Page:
Unmanned systems continue to deliver new and enhanced battlefield capabilities to the United States military, such as being lighter, faster, more flexible, and more intelligent. While the demand for unmanned systems continues unabated today, several factors will influence unmanned program development in the future, such as urgent operations, affordable solutions in a fiscally constrained environment, and safer execution of operations. To support the military’s goal of expanding its UAS program, the United States Army Corps of Engineers (USACE) contracted an Unmanned Aircraft Systems (UAS) Maintenance Hangar in Fort Hood, Texas.
RS&H designed one of the army’s first dedicated UAS hangar and maintenance facility. As a first-of-its-kind facility for the army, the design of the two-story 130,000-square-foot maintenance hangar sets the standard for future unmanned aircraft support facilities. The hangar functions as a maintenance operations and controls center for the army as it supports ground units from above. In addition to flight planning, operations and troop support facilities, the UAS hangar includes general administrative areas for two companies, 12 maintenance bays that hold 60-foot unmanned aircraft and MH-47 helicopters, shop areas, tool, equipment and gear storages area, providing the USACE with all the equipment it needs to maintain, repair, and operate the aircraft, as well as training spaces for army personnel in the operations and support of the aircraft.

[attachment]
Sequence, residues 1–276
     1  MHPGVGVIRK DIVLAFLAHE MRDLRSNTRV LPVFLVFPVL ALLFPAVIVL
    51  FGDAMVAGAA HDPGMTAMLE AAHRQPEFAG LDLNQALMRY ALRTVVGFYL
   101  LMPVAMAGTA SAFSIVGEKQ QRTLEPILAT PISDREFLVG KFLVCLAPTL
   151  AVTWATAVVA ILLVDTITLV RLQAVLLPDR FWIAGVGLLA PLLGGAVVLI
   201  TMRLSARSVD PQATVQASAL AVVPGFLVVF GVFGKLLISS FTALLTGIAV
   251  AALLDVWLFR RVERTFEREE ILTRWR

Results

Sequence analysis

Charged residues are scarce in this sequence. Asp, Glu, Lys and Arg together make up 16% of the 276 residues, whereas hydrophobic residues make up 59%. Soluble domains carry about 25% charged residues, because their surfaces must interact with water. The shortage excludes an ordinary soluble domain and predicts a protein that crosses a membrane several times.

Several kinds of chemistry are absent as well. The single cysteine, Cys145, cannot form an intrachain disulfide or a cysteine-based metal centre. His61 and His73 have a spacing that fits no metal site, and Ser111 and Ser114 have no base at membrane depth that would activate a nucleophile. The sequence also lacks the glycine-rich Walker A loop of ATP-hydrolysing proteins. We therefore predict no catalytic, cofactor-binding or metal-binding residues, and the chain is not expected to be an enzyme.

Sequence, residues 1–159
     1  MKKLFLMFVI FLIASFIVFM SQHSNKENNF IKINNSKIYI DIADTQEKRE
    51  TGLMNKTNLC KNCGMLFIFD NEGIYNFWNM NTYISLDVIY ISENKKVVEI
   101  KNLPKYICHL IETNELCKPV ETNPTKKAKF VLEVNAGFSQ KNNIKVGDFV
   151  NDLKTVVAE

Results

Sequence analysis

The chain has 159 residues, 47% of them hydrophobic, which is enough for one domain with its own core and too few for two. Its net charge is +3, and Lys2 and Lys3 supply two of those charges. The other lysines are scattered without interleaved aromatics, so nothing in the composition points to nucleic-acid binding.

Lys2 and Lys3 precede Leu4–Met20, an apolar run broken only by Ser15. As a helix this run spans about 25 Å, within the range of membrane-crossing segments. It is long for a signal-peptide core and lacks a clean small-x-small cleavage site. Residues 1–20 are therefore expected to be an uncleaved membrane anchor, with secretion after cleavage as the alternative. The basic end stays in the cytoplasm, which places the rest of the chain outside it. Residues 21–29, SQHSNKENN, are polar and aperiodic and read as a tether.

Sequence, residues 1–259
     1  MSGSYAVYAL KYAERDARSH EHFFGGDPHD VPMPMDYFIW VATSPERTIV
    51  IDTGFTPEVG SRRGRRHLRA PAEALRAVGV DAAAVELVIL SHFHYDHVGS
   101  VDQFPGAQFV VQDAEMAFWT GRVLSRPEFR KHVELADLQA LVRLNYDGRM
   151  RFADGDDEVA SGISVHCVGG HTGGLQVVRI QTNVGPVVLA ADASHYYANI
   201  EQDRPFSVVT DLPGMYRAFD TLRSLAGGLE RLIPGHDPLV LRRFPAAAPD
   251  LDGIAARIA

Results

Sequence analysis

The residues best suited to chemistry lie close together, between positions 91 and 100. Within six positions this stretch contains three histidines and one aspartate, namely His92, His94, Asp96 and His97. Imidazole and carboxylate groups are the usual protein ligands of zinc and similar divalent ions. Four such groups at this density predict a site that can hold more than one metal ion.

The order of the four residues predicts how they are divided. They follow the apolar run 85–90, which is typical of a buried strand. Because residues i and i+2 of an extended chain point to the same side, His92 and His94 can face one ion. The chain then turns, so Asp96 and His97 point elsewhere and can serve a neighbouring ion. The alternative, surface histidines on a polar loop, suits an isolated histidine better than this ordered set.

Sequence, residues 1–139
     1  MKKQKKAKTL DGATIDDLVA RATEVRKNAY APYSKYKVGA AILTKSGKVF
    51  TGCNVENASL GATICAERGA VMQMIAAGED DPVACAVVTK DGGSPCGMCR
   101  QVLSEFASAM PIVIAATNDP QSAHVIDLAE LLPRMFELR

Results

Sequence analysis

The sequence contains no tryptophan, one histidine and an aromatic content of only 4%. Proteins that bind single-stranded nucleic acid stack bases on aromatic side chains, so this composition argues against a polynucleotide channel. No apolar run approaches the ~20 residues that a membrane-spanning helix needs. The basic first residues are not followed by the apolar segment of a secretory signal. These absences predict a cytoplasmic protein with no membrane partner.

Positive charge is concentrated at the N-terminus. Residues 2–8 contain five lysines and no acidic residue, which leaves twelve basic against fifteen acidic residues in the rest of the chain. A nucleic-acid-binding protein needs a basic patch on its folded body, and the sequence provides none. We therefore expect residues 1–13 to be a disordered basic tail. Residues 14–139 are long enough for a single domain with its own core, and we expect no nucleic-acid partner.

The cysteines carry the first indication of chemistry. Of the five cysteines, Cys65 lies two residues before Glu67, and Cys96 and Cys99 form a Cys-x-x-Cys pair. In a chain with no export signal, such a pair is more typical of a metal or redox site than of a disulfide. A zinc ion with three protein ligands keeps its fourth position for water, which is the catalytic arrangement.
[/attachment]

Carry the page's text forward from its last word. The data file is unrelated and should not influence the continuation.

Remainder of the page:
This hangar was the first to incorporate new USACE Center of Standardization for UAS Hangars requirements in its design, becoming a prototype. The strong, collaborative relationship of the design-build team, coupled with the government’s supportive desire to produce a successful hangar, exceeded the military’s goals and expectations by setting the benchmark for future hangar designs.
The site design was complex with expansive soils and steep slopes, requiring large-scale utility coordination for the water main extension and drainage, which impacted a nearby building and hangar being designed by another USACE District. RS&H embarked on an extensive series of planning, coordination, and review meetings, working closely with both Mobile and Fort Worth Districts to ensure UFC codes and ACG guidelines were properly implemented. Working with the concrete specialist during construction, the RS&H team developed an alternate mix design to meet the consolidation and compaction requirements for the concrete taxiway and aircraft apron. RS&H’s vigilance and proactive partnering resulted in the on-time and within budget completion.